Pensions are one of those subjects that many people tend to put off until they get close to pensionable age, when all of a sudden, they become very important. When you have money in your bank account, it’s always tempting to think that you should spend it, and make the most of it while you have it, rather than investing in something that you won’t benefit from for many years.

However, if you want to make sure that you and your loved ones get the most from your assets, investing in a pension could lead to significant tax benefits.

first-time investors

Passing on your hard-earned cash

As independent financial advisers, we would always look at your individual financial situation. But, whatever stage of your life you’ve reached, or your financial circumstances, it’s almost always the case that investing in a pension is a good idea. In particular, the younger you are, the more scope you have to build a healthy pension pot, so you can retire when – or even earlier than – you plan to.

As well as providing you with the means to enjoy a long and happy retirement, pensions are also a good investment because, in most cases, whatever is left in your pension pot when you die can be passed on to your loved ones without incurring any Inheritance Tax. And if you die before the age of 75, the payments they receive won’t incur any Income Tax, either.

Because payments from a pension fall outside of the estate they are not distributed via your Will. Therefore, to ensure that payments are made in line with your own wishes it is important that you tell your pension provider who you want to receive your pension pot when you die, by completing an Expression of Wishes form. In the overwhelming majority of cases the provider will distribute benefits in accordance with this document, giving you peace of mind that your loved ones will be looked after.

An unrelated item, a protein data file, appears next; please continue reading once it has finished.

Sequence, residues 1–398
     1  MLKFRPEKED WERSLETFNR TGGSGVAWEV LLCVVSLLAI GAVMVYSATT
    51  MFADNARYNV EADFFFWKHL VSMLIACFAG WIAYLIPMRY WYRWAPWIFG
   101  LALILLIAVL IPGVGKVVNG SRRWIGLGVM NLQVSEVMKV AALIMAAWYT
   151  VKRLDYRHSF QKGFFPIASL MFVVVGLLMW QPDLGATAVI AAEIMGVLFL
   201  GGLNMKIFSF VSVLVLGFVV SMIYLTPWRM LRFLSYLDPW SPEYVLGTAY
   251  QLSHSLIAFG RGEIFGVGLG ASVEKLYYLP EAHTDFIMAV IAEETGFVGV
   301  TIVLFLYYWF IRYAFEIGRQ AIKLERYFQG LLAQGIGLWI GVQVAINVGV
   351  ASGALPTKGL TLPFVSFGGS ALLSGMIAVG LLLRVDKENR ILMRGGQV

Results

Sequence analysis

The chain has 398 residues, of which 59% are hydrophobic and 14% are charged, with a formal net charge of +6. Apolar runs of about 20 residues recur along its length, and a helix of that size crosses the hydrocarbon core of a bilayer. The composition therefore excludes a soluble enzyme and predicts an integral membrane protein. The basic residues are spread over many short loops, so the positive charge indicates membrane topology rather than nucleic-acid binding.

Lifetime pension allowance

The amount of money you can put into your pension pot tax-free is capped at £1,073,100. This means that if you have more money in your pension than this at any time, it will incur some form of tax when anyone draws funds from the pot. So, if you draw money as a lump sum from your pension when it has more than £1,073,100 in it, there will be a lifetime allowance charge of 55%, which is deducted by your pension provider or administrator and paid to HMRC before you receive your payment. If you decide to take an income from your pension, either as an annuity or as drawdown, there’s a 25% tax charge, on top of any Income Tax you may have to pay.

The same rules apply if your pension pot has more than the lifetime allowance in it when you die and someone else benefits from it. They will still have to pay the same charges, depending on whether they receive the money as a lump sum or as an income.

If you already have an extremely generous pension pot, talk to us about the most tax-efficient way of investing any surplus funds you have.

Find out more

Pensions can be an effective way of saving for the future – both for yourself and your loved ones. Contact us and we’ll take a look at all your existing investments and give you measured advice on the best approach to pensions, so you can prepare for a happy retirement…

Please note:

Grosvenor Wealth Management Ltd is authorised and regulated by the Financial Conduct Authority. The value of investment can go down as well as up and you may not get back the original amount you invested.

Please use the form to the right to send us your question or request a call back.

We look forward to welcoming you to Grosvenor Wealth Management.

Please share if you know someone who might find this article interesting or useful